Liberia Community Radio Case Study: The Sustainability Myth
Community radio stations face several obstacles that threaten both their operations and engagement in democratic development. However, there are models of successful community radios in Liberia, and upon closer inspection there is evidence of long-term planning, accountability mechanisms and innovative management strategies. There are programs aimed at attracting community revenue and local advertisers, station managers who have identified alternative resources for capacity building, and national networks created for advocacy. This case study, carried out by Search for Common Ground in February 2009, explores exactly how these community radios are sustaining themselves, thereby revealing how the appropriate interventions aimed at increasing community radio’s stability can be identified and their growth incorporated into the development agenda. The goal of the case study was to explore how community radios are sustaining themselves, while its specific objectives were to (1) identify strategies and innovations unique to community radio that enhance and strengthen sustainability, and (2) establish the community’s role in sustaining community radio. The primary research tool was an informal interview protocol with guided questions developed in consultation with Search for Common Ground’s Sierra Leone office. Community radio managers in the towns of Voinjama, Senji, Gbarnga, Ganta and Buchanan were the primary interviewees as they were in the best position to answer questions regarding the community radios’ operations.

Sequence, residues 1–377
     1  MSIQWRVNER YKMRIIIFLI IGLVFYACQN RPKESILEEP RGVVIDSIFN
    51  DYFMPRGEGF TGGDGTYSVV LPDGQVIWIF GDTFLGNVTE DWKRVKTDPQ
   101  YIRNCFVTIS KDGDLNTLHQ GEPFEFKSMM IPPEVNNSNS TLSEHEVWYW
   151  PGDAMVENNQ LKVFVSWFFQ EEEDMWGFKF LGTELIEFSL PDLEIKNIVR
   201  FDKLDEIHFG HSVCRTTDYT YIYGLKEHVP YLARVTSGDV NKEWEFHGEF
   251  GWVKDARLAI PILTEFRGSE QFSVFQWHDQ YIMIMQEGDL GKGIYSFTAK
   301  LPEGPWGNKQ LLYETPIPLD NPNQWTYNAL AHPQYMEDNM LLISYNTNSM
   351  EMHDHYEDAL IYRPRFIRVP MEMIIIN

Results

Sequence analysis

While all of the stations said that they provided their respective communities with information, education and entertainment, they stressed that their primary role was to disseminate educational and developmental information. They aired important local issues and gave community members the opportunity to call-in and express their ideas and opinions about their community‟s development. More specific benefits were also cited. Kintoma Radio reported that it had helped to transform the lives of its citizens as it encouraged ex-combatants in the DDRR process to come on the radio and publicly renounce their war names and former way of life. Radio Kerghemah said that it helped to mobilize citizens and promoted community events free of charge. Radio Cape Mount boasted of successfully reuniting over twenty missing persons with their families, while Radio Gbarnga promoted security through its community watch program. Radio Gbarnga was quick to point out that the benefits were mutual. Because the station served the interests of the community, people assumed responsibilities in keeping the station operating. As a result, the station greatly benefited from the community‟s assistance in the radio‟s upkeep and maintenance.